Chapter 5. Programming Your ASP.NET Web Pages
In the previous chapters, you created a number of Web Forms that contained mostly ASP.NET Server Controls and plain HTML. Only a few of the examples contained actual programming code, written in either C# or Visual Basic. NET (VB.NET), and most of that code was pretty straightforward. However, coding is an important part of any web site. Although the many smart server controls you have at your disposal minimize the amount of code you need to write compared to the older 1.x family of the .NET Framework or other web technologies like classic ASP or PHP, being able to read, understand, and write code is a critical asset in your web development toolkit.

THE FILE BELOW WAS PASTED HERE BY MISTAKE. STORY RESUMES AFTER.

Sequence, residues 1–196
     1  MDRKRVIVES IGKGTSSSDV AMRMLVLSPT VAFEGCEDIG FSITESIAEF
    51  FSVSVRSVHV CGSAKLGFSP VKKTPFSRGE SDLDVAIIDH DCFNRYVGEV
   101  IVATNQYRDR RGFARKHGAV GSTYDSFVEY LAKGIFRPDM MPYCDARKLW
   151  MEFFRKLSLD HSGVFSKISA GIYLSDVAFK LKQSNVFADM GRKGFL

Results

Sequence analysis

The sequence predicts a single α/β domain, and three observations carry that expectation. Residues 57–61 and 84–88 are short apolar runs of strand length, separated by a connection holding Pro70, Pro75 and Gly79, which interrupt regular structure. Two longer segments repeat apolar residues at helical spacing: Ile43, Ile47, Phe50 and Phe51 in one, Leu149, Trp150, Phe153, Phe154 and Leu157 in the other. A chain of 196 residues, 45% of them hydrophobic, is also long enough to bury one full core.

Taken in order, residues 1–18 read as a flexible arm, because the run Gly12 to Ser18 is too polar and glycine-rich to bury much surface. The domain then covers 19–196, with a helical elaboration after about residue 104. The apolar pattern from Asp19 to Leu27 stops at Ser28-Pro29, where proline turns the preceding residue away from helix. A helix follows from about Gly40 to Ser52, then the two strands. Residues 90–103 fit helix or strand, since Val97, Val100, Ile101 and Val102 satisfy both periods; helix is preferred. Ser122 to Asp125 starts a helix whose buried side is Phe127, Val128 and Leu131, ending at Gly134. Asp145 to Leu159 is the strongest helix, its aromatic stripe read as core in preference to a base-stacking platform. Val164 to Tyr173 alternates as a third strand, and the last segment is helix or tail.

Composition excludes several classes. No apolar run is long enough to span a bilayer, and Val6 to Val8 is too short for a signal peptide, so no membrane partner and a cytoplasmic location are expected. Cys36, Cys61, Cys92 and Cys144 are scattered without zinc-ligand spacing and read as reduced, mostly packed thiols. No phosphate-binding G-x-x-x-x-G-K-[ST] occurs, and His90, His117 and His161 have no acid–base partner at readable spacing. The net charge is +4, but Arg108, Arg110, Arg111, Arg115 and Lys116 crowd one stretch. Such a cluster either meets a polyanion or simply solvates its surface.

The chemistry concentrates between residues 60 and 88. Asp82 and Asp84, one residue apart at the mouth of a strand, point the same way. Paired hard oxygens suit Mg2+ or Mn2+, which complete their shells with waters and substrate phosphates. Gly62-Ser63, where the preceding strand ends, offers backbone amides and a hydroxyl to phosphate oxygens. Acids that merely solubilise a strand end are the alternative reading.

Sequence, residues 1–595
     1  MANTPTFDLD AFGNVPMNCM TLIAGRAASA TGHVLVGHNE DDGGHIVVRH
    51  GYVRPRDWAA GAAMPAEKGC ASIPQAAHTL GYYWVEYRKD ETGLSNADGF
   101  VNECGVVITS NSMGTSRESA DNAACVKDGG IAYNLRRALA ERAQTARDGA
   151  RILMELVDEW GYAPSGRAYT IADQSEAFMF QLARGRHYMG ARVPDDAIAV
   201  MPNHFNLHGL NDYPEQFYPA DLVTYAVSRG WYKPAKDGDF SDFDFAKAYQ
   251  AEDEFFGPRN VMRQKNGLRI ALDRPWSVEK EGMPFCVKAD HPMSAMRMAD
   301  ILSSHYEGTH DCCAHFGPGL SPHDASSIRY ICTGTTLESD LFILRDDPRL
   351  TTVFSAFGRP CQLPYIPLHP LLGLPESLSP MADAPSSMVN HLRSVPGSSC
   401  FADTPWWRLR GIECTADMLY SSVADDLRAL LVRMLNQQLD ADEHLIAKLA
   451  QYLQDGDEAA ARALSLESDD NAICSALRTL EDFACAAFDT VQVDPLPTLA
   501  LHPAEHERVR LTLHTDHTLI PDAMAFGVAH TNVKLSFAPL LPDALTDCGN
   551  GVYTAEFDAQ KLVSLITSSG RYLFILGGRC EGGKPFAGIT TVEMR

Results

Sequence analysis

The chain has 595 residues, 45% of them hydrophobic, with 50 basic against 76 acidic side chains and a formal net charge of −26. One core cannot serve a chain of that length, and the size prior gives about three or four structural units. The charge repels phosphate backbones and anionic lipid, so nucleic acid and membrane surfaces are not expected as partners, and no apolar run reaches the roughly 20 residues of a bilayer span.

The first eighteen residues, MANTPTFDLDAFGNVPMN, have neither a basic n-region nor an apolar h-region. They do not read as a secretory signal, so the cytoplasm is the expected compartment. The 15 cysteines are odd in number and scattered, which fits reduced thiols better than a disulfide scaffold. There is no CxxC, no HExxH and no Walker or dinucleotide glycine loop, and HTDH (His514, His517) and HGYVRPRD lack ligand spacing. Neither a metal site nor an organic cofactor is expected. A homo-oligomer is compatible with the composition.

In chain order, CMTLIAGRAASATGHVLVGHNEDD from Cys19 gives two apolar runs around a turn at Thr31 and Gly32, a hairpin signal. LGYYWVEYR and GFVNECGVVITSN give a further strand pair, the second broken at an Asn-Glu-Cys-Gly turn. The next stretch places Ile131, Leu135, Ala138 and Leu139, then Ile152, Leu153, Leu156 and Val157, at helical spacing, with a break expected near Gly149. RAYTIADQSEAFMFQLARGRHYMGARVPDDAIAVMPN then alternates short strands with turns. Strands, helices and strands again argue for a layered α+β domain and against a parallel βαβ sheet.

This chapter teaches you the basics and beyond of programming for web applications. In particular, this chapter looks at:
How to work with objects and collections in a programming environment
Different ways to make decisions in your code
The options available for creating repetitive blocks of functionality
Different ways to write well-organized and documented code
What object orientation is, and how you can use it in your applications
Best of all, just as with all the other samples in the book, this entire chapter covers both VB.NET and C# examples. For every concept or piece of theory introduced in this chapter, you see an example in both VB.NET and C# at the same time. The choice of your preferred language is really up to you.
To get the most out of this chapter, it's recommended to actually ...